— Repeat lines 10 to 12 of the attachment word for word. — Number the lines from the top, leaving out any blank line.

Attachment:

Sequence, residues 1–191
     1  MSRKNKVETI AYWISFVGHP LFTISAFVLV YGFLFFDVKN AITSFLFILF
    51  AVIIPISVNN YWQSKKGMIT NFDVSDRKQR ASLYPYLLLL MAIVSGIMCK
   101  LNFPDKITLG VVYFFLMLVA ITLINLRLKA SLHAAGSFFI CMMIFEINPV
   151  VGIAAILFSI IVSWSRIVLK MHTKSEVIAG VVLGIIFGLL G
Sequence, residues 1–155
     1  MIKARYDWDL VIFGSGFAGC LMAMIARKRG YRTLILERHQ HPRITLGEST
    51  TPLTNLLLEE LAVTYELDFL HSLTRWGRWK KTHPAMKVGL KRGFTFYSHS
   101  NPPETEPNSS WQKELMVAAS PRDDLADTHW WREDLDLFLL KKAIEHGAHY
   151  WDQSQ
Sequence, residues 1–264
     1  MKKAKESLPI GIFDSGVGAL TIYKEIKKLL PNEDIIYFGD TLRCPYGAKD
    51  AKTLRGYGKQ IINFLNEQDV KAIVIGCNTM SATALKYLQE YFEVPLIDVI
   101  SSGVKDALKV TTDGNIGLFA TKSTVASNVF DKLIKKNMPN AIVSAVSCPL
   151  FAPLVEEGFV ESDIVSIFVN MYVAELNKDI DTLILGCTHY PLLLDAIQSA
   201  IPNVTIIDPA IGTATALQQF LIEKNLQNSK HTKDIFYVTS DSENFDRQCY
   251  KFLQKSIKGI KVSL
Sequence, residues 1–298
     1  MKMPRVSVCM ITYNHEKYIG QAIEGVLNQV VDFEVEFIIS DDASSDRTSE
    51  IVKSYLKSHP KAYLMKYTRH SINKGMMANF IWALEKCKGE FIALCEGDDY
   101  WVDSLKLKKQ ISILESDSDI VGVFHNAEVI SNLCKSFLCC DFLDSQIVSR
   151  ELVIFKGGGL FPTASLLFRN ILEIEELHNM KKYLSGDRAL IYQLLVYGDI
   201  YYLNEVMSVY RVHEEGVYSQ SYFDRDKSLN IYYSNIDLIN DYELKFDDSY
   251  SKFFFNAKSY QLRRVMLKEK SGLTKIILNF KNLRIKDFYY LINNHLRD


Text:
   151  WDQSQ
Sequence, residues 1–264
     1  MKKAKESLPI GIFDSGVGAL TIYKEIKKLL PNEDIIYFGD TLRCPYGAKD